As the German Technical Cooperation (GTZ) leaps forward into a millennium defined by growing uncertainty and apprehension, the federally-owned international organization seeks to form better and more appropriate responses to the shifting needs of the developing world. Working on behalf of German ministries, other national governments, and a wide range of international clients, the GTZ endeavors to create practical and innovative solutions that encourage long-term growth and development for countries that need the assistance the most.
One of the most pressing issues that the GTZ grapples with is the persistence of severe destitution in developing countries and the ways with which governments can effectively reduce poverty levels and facilitate genuine economic progress. In the last five years, the GTZ has devoted substantial efforts in supporting the implementation of Poverty Reduction Strategies in different developing countries, an effort that has been propelled by meticulous research and the tireless monitoring of projects in GTZ’s partner countries all over the world.
A key figure in this campaign against poverty is Mr. Wolf Dio, a Priority Area Manager for the GTZ who focuses on poverty orientation and its integration into the framework of the GTZ’s anti-poverty projects. Although Mr. Dio specializes in the intricacies involved in effective poverty orientation, his tasks fall into the general pattern of a triptych. “[The first part consists of] advisory services towards our ministry of economic cooperation and development, to strengthen the poverty orientation in the regional portfolios and also within the sectoral orientation we provide to the development cooperation in Germany,” he said. “The second one is a mainstreaming task; basically, helping here within the GTZ headquarters and in our field offices in the matter of staff qualification, and in strengthening the poverty orientation within their projects and programs.”
The third aspect of Mr. Dio’s job involves providing support to his colleagues in the organization, particularly to those who accomplish their work in the field. “We try to strengthen the relationship of poverty orientation to other cross-sectoral issues, such as gender or human rights. We make sure that this sort of quality criteria are built into the planning, monitoring, and implementation of the projects and programs they are implementing. We also try to ensure that our partner countries monitor the programs in a differentiated manner, so they can detect during implementation whether the chances to reach poor people are really high enough.”
Although poverty orientation is indispensable in improving pro-poor impacts of development programs, Mr. Dio admits that it isn’t always very easy to convince people of this fact. “Most of the time, they will say,
That’s one of the impediments,” he rued. “And obviously, the challenge is to make clear that we aren’t talking about direct poverty reduction – we are talking about attacking structural causes of poverty. And only when we’re talking about these issues do they realize that what they do might even worsen imbalances within the region.” The quality of the work that Mr. Dio and his colleagues produce is also paramount. “It is part of our work to make clear that it’s more cost-effective to make sure that cross-sectoral issues such as gender and human rights concerns are taken into account. These have to be considered from the very beginning, and not when you’re already making the final evaluation, when you realize that the impact hasn’t been as much or as high as you’d hoped it would be.”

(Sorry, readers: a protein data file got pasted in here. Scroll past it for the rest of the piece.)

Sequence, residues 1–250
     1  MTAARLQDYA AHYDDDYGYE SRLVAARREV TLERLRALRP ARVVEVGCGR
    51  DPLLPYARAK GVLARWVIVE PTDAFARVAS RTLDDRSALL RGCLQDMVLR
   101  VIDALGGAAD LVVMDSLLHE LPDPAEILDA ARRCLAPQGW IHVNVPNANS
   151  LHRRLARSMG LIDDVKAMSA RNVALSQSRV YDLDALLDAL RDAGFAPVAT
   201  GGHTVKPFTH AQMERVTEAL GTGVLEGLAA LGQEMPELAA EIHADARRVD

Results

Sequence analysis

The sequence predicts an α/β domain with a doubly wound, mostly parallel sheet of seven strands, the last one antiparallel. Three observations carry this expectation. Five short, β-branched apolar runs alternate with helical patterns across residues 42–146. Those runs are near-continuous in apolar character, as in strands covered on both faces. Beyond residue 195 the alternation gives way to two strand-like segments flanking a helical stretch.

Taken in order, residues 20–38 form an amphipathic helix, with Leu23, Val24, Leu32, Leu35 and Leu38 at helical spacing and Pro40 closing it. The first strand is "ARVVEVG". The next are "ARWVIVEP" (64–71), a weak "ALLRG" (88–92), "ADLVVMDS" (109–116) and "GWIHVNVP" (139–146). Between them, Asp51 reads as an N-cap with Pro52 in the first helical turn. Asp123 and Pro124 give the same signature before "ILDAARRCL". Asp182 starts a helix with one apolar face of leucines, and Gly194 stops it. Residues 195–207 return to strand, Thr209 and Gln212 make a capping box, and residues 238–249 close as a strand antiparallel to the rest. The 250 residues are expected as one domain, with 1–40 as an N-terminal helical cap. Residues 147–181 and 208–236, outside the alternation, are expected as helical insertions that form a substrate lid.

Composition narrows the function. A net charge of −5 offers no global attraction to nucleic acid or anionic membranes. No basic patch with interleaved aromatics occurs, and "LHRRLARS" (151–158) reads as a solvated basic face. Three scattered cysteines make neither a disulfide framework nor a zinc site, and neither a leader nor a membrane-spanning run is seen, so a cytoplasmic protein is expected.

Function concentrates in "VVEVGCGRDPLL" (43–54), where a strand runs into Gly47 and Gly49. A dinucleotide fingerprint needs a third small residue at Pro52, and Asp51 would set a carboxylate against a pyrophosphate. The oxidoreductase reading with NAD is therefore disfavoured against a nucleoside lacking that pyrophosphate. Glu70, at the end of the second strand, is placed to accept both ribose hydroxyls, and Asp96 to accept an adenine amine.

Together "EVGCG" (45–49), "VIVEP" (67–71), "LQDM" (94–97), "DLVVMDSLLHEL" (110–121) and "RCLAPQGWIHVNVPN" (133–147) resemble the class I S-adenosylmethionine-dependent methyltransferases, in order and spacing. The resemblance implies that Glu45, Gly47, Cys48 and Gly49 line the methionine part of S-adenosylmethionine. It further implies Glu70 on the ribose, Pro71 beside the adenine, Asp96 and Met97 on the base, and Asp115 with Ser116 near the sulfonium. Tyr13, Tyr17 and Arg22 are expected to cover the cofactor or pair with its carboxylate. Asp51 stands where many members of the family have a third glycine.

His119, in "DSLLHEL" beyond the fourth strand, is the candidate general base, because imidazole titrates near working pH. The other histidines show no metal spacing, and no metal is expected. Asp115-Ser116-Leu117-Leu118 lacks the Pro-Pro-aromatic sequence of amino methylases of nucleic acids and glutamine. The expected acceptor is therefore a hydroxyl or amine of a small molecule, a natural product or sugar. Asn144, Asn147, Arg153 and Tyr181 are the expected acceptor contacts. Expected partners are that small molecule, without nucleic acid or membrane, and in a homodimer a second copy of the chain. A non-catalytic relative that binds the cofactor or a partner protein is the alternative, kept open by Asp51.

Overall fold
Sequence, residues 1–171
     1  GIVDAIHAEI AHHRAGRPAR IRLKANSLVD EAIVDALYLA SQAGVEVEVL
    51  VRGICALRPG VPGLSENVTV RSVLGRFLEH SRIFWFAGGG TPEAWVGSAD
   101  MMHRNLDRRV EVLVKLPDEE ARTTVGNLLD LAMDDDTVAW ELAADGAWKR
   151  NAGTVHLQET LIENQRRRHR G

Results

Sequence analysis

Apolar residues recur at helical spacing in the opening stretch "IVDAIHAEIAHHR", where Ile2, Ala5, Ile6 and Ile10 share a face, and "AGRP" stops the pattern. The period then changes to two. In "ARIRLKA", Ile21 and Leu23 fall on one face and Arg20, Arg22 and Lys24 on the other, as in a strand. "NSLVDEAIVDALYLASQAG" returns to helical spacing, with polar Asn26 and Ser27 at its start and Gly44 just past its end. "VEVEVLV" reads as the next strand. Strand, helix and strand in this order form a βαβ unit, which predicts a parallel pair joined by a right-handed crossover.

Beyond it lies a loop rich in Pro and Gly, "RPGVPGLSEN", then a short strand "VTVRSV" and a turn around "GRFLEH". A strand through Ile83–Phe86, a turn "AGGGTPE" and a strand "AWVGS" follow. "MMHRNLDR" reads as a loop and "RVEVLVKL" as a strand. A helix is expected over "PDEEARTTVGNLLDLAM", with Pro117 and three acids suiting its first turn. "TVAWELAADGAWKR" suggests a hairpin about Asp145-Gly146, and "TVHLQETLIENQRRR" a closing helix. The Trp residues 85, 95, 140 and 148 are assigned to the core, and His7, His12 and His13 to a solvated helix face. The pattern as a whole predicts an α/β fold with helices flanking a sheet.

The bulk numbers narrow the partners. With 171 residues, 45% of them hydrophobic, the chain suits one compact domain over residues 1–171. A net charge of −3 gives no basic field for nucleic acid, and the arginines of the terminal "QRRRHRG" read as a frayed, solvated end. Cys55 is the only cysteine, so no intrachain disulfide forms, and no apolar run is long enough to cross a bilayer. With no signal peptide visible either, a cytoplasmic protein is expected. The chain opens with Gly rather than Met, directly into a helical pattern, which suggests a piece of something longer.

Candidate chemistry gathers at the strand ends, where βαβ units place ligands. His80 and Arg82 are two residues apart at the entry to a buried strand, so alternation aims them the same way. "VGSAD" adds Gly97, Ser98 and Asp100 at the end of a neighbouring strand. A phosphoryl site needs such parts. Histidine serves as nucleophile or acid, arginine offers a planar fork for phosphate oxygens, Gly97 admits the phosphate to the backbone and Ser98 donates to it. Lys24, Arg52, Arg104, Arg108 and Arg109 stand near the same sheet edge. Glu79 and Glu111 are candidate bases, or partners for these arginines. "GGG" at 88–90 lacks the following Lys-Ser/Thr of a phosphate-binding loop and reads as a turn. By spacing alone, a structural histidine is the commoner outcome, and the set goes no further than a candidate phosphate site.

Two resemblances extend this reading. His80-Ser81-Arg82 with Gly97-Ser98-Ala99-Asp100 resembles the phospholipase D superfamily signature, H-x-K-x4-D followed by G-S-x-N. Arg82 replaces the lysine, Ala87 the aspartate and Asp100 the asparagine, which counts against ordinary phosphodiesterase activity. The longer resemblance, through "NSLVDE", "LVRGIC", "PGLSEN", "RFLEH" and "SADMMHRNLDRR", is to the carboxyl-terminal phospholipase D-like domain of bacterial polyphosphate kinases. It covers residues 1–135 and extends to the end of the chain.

Despite these hurdles, however, Mr. Dio finds genuine encouragement in his joint work with other agencies. “First, it was a cumbersome process to discuss with the colleagues of many other bilateral agencies to come up with a harmonized approach to poverty impact assessment, but now seeing it endorsed by the OECD Development Asssistance Committee and experiencing how it’s being spread slowly but surely is something very nice.” He is also heartened by some unusual surprises involved in his work. “We get a demand from countries which you wouldn’t expect to ask for help. For example, Chile has asked us to assist them in their vulnerability mapping, and recently, we got a request from the United Arab Emirates to help them fine-tune their poverty statistics. Seeing countries which are not the traditional candidates of our work being interested in GTZ support because they reckon that we have a certain competence in these areas is another thing I’m very glad about.”
Before he occupied his post as a Priority Area Manager three years ago, Mr. Dio worked for the GTZ in Bolivia as a government advisor for decentralization. He also served in the Asian Development Bank for five years as a project economist, and holds an MSc in Agricultural Economics from the University of Redding, as well as an MSc in Financial Management from the University of London.
However formidable the challenges that Mr. Dio must constantly contend with in his work, he hopes that in time, the various elements in the poverty orientation portfolio – such as social security and pro-poor growth – will be recognized as crucial factors in eliminating poverty on a wider and more profound scale. “I also hope that poverty-reduction impacts are seen as major quality criteria for measuring the success of our work, and eventually help GTZ be recognized as a competence center with respect to poverty-related work, and capacity development for poverty-oriented policies.”